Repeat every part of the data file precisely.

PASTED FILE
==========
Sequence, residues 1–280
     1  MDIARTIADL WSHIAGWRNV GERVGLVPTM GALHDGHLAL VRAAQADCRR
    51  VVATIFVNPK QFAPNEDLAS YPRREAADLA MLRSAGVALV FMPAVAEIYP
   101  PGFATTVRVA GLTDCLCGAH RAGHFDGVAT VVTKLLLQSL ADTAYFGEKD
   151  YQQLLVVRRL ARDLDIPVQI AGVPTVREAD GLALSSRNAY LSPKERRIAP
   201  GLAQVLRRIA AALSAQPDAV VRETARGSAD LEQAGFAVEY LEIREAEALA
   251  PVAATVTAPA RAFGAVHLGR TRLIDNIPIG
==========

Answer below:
Sequence, residues 1–280
     1  MDIARTIADL WSHIAGWRNV GERVGLVPTM GALHDGHLAL VRAAQADCRR
    51  VVATIFVNPK QFAPNEDLAS YPRREAADLA MLRSAGVALV FMPAVAEIYP
   101  PGFATTVRVA GLTDCLCGAH RAGHFDGVAT VVTKLLLQSL ADTAYFGEKD
   151  YQQLLVVRRL ARDLDIPVQI AGVPTVREAD GLALSSRNAY LSPKERRIAP
   201  GLAQVLRRIA AALSAQPDAV VRETARGSAD LEQAGFAVEY LEIREAEALA
   251  PVAATVTAPA RAFGAVHLGR TRLIDNIPIG